On-the-job training big part of Beatty baseball

The ball was hit to Fabian Perez’s left. He raced over and got in front of it, but it got away from him a bit. Unfazed, the Beatty shortstop gathered in the ball and fired it to first base for the out and what was undoubtedly the defensive play of the game.

The play was so good cheers even came from the Indian Springs bench, and the Thunderbirds’ first-base coach complimented Perez on his way to the dugout at the end of the inning.

“He stayed with that ball,” Beatty coach Leo Verzilli said. “He knocked it down, stayed with it, threw him out … that was a really great play.”

Perez isn’t even the Hornets’ regular shortstop, but Armando Gonzalez took a turn on the mound Tuesday, so Perez stepped in. “He’s a good infielder, and he has a pretty good arm,” Verzilli said.

The three-sport athlete is also a sophomore, one of five on the 14-man roster. Three more are freshmen, which means they are enrolled in Verzilli’s Baseball 101 class.

“We don’t have a Little League program,” he explained. “We don’t have a T-ball program. Amargosa doesn’t have it. So our kids come to us raw.

“They don’t come in as freshmen and know how to judge a fly ball or know how to throw or own a glove. It’s hard to teach them and prepare them for high school baseball. At this level, to catch up, it takes two or three years to get even, then you only have them for their junior and senior years, maybe. There’s a lot that goes into it, and we can’t catch up fast enough.”

On Tuesday, the Thunderbirds used 13 walks and two hit batters to forge a 14-0 victory, and they were very kind about it. Several times, Indian Springs coaches kept their kids from advancing on balls that ordinarily would have been wild pitches, trying to avoid the 15-run mercy rule. They basically handed the Hornets the chance to bat in the top of the fifth instead of ending the game earlier.

And that mattered, a little, as Beatty kept a bit of dignity. One out away from a five-inning perfect game, junior Jacob Henry grounded a ball to second base that was misplayed. Henry hustled down the line and was safe on the error, giving Beatty its first base runner. By then, the Thunderbirds had 20.

Only five of those were on hits, which brings up Beatty’s other issue: Somebody has to pitch.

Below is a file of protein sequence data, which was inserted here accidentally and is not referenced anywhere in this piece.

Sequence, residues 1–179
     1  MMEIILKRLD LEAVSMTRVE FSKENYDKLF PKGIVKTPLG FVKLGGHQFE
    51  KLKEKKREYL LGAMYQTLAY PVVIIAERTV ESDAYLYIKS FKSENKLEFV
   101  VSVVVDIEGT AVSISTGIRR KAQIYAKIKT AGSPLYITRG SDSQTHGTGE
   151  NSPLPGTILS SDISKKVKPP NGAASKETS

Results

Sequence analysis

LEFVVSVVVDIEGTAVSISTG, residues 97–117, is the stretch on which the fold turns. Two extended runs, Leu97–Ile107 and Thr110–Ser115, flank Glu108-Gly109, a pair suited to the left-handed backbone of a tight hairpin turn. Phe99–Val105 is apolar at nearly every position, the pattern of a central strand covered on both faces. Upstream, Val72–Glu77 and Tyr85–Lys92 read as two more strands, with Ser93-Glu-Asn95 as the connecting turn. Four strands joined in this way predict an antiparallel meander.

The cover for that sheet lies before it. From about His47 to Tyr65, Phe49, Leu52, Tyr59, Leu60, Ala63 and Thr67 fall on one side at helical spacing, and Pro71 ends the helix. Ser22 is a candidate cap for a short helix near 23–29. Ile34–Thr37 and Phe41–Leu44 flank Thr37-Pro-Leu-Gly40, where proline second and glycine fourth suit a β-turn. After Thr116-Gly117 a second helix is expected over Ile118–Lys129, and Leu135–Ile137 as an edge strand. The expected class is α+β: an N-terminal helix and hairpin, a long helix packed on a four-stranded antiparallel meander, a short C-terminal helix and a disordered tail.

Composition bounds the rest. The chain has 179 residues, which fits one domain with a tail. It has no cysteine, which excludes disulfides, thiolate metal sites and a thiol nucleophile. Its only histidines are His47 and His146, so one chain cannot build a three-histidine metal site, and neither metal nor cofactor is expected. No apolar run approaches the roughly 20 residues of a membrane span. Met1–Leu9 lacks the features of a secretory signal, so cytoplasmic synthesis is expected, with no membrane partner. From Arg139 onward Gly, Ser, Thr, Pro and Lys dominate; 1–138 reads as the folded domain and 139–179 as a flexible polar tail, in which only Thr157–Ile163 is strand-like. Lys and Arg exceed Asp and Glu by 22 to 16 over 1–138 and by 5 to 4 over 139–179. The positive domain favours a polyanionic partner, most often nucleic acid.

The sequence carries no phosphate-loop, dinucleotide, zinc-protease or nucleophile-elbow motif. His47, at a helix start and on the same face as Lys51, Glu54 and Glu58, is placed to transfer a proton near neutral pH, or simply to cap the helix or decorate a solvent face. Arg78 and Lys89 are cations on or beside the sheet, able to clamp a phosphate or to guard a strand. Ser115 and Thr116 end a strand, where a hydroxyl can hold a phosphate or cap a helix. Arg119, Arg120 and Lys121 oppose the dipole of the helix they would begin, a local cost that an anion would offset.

“We’ve got one experienced pitcher, and the others are just learning,” Verzilli said. “You don’t even need really good pitchers. You need one good one and a couple that will just throw strikes. Then you’ve got to have five or six kids who can throw the ball over the plate or you’ll never make it through the playoffs.”

Fielding a team with more seniors, the Hornets reached the playoffs last year after finishing second in the Class 1A Central League. But they finished third in the regionals, short of making the state tournament.

“Those seniors came up through the ranks,” Verzilli said. “They weren’t that good either, and they became good.”

Verzilli never will have the luxury of simply plugging in new players to fill holes left by seniors, but he does see some potential in the younger players on the current roster.

“There are three or four sophomores and three or four freshmen, so we’ll have a group of eight or nine that will have a few years of experience,” he said. “The majority of our 15 kids are sophomore and freshmen with no experience. You can tell our sophomores are much better than our freshmen.”

Verzilli is especially high on Perez and freshman Brayden Lynn, and he sees potential in sophomore outfielders Miguel Castro and Efrain Villanueva.

“Everybody’s going to pull their weight,” Verzilli said. “We’ve got a good sophomore class and a couple of freshmen that are on their way. The rest of those freshmen are kind of raw.

“They’re headed the right way, it just takes longer than you want it to take.”

Contact Sports Editor Tom Rysinski at trysinski@pvtimes.com On Twitter:@pvtimes

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